Rockway Precast, Marks Metal provide water bottle solution

When Clackamas, Ore.-based Marks Metal Technology received an inquiry about a form that would mold a giant concrete water bottle, Steve Tuttle of the company’s concrete division initially believed it was an impossible project. However, after some reflection he realized it was not only possible but would be more efficient to produce if it was created “as if it were a series of machined joint rings, stacked one on top of the other.”

Partnering with longtime customer Rockway Precast of Las Vegas, Nev., Marks Metal was able to propose a stable, 15-ft. 1-in. concrete model for The Water Bottle NV, LLC, operated by Dapper Companies. The Las Vegas developer sought a solution to which precast concrete is uniquely suited: A structure produced in easily repeatable sequences and exhibiting smooth, aesthetically pleasing surface characteristics for users seeking quality alternatives to marginal tap water.

By laminating a series of rolled heavy steel bars into manageable shapes, Marks Metal was able to create the complex exterior bottle profiles. To ensure that the required two-piece form would hold its shape under the extreme conditions of casting a large product, all of the heavy machined profiles were thermally stress relieved in a shipyard oven. This guaranteed that the form would pull apart easily and go back together without distortion. Afterwards, the steel bars were machined into a portion of the water bottle profile on a 176-in. diameter CNC vertical boring mill. When all of the precision machined pieces were finished they were stacked in the correct order to produce the many curves needed to yield a jumbo version of a typical 5-gal. drinking-water vessel.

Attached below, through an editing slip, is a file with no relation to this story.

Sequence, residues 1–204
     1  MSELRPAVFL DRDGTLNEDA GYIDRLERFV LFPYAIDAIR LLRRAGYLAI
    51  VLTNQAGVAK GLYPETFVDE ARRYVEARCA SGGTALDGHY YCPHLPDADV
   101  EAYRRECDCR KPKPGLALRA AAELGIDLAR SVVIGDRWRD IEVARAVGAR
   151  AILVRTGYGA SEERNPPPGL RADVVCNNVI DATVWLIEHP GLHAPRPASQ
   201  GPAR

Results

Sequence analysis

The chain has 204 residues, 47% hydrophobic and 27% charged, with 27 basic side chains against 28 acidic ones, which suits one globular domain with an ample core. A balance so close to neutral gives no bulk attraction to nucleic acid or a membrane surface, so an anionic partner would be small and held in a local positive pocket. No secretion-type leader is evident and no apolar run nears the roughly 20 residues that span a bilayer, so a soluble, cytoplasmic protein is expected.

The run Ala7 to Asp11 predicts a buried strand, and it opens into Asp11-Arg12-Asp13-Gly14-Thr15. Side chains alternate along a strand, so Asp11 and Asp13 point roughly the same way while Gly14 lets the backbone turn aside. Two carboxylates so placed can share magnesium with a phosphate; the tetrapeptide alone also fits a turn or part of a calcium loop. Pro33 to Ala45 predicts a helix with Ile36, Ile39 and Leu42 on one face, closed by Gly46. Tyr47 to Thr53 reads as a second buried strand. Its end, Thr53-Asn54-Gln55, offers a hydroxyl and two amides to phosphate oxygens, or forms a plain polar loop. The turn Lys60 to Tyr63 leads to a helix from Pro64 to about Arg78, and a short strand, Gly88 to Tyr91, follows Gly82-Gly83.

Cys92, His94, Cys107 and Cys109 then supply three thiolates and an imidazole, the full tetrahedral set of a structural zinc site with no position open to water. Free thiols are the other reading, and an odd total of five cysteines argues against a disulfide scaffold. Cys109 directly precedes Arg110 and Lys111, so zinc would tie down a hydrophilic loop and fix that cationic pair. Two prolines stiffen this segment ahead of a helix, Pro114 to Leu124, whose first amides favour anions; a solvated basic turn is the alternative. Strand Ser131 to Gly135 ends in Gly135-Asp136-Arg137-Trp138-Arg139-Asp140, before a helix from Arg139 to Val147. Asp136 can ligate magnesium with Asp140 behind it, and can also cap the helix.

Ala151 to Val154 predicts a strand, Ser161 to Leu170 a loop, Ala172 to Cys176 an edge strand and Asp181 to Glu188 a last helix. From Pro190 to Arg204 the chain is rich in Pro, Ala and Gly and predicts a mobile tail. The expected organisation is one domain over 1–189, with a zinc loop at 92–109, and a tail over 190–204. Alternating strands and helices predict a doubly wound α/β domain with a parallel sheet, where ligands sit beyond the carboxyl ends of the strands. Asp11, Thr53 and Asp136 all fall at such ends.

The complex shape of the water bottle was digitized from an architect’s rendering. This exact profile was used to create the steel shapes that were directly programmed into Marks Metal’s large vertical boring mill.The inside of the form was hand blended to make sure all of the seams in the steel had minimal transfer to the concrete. According to Tuttle, “one big challenge was how to keep the vertical seams where the form splits tight so they didn’t leak and resulted in a minimal seam sign on the concrete product. There are no secrets here. This was done by expert craftsmanship on our shop floor and it turned out nearly perfect.” The blockouts for the sign, vending stations and access door were especially challenging; they required the form pieces to be modeled in Autodesk Inventor to create the complex steel patterns that would produce precisely sized openings.

Marks Metal Technology, in continuous operation since 1947, was well geared to building this type of form. Other than the thermal stress relieving, the two-piece form was made entirely in-house: the engineering, detailing, rolling, machining and fabrication. The company has over 45,000 square feet of inside production area under several overhead cranes.